Dharma ransomware which is also known as Crysis made its first appearance in 2016 as it was being manually delivered by exploiting Remote Desktop Protocol (RDP) services via TCP port 3389 and then the target computer would be brute forced to gain access.
Attacks involving the Dharma ransomware have been frequent and have been recorded to target organisation of small – medium size from many countries including Russia, Japan, China, and India.
There is no decryptor for any of the active variants of the Dharma ransomware and the average ransom required is $5k in DASH which can be paid via provided email addresses in the ransomware note.

Modus Operandi

Initial access

The threat actor usually delivers Dharma by exploiting Remote Desktop Protocol (RDP) services via TCP port 3389 and brute force the password to gain access to a computer. Although there have been recorded cases of Dharma being distributed as malicious attachments in spam emails and disguised as installation files for legitimate software, including AV vendors. In the cases of it being delivered as a malicious attachment, Dharma uses double file extensions, which made it appear to be non-executable under default Windows settings. So, the victims are tricked into clicking it due to them thinking it is non-malicious as it seems to be non-executable.


As soon as Dharma Trojan dropper is executed, installs two files: ns.exe (a network enumeration and scanning tool) and processhacker.exe (System administrator tool). ns.exe is used to scan for network shares, open ports, and services which can used to move within the network. And processhacker.exe is used to disabling Antivirus software and other security services. Then the Dharma executable is dropped under the name of “winhost.exe” and creates a registry entry to sustain a presence in the system and then Dharma deletes all the Windows shadow copies by running the vssadmin.exe On some Windows versions, it has been observed that Dharma has also attempted to run itself with administrator privileges to find a longer list of files that can be encrypted.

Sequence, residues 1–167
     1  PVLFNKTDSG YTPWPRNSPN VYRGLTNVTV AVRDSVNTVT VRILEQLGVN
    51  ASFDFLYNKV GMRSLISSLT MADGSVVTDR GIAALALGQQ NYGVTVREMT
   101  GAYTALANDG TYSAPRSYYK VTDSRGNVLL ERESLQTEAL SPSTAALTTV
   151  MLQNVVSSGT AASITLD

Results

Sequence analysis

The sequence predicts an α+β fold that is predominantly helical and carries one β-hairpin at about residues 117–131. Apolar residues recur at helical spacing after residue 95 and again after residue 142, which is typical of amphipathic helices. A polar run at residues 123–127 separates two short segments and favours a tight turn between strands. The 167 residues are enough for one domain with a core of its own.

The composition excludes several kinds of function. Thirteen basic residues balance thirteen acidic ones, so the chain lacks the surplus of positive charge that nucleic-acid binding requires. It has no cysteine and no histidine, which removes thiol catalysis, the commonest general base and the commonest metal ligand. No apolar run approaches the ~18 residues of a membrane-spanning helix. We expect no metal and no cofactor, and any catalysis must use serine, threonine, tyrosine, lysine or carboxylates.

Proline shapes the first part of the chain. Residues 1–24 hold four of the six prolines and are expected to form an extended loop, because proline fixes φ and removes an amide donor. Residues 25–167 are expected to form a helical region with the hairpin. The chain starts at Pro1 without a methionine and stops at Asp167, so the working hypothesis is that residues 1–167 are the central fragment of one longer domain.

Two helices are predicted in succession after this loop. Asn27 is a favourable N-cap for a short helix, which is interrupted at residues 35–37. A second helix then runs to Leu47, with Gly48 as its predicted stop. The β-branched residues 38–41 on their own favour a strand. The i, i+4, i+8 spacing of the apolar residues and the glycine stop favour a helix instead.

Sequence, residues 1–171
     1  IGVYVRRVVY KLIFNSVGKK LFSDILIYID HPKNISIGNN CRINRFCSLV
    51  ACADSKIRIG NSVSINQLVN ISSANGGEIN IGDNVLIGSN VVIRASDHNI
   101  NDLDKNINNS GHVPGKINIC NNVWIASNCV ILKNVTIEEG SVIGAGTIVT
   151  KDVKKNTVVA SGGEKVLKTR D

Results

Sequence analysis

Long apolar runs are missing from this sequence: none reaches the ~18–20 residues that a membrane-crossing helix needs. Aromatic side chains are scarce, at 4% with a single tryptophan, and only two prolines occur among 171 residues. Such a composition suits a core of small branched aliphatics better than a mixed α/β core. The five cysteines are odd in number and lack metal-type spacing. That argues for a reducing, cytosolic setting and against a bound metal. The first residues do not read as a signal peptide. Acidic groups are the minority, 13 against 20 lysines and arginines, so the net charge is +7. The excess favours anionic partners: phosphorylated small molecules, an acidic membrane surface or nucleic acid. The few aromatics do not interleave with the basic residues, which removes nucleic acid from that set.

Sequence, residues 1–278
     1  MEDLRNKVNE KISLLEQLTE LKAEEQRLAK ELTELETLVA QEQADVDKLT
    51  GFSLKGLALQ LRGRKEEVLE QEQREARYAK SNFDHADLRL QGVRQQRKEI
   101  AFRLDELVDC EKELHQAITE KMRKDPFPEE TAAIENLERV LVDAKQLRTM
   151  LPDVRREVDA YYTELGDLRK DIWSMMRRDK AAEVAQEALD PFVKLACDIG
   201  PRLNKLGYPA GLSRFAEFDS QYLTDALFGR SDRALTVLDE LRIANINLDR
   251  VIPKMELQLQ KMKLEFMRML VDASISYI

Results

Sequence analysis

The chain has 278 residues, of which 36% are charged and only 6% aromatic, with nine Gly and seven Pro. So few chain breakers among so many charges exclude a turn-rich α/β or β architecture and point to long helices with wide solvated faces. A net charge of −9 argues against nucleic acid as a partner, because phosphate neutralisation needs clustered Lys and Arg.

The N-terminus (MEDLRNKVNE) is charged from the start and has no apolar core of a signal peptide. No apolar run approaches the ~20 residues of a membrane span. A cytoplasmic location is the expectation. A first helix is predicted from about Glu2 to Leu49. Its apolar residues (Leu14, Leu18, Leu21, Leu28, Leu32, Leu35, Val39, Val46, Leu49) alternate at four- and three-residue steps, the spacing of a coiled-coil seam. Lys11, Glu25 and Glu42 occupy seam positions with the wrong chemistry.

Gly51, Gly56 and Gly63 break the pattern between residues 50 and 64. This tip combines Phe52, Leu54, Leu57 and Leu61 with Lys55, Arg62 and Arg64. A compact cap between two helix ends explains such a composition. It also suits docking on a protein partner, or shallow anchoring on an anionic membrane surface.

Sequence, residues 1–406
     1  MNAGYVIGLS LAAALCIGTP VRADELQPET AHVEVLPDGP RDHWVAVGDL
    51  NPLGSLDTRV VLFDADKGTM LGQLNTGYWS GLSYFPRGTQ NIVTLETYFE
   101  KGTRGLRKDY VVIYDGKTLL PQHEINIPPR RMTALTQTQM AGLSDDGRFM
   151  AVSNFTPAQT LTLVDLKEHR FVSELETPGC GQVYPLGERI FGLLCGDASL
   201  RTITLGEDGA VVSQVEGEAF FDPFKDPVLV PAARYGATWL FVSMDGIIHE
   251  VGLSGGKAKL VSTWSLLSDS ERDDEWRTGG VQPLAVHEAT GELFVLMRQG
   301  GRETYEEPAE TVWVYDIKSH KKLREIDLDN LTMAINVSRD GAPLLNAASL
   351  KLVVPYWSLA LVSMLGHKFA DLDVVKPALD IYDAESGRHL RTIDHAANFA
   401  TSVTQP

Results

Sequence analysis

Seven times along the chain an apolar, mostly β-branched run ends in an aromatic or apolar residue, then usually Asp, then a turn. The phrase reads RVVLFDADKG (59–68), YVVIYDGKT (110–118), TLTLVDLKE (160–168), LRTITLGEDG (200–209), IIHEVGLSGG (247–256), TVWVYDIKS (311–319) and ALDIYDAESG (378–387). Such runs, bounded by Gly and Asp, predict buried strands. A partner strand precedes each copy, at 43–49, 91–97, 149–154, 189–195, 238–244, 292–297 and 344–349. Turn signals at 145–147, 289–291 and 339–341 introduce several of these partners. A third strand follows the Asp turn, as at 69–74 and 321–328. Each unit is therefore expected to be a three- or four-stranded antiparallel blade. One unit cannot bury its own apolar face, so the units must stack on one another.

Dharma attempts to propagate through the network by applying a Default Domain Policy via a compromised Domain controller that will run the “winhost.exe” on each machine that starts up.


Dharma encrypts files in fixed, removable, and network drives using AES-256 combined with RSA-1024 asymmetric encryption algorithm.

Command and Control

The dropper may send information about compromised machines and encrypted files.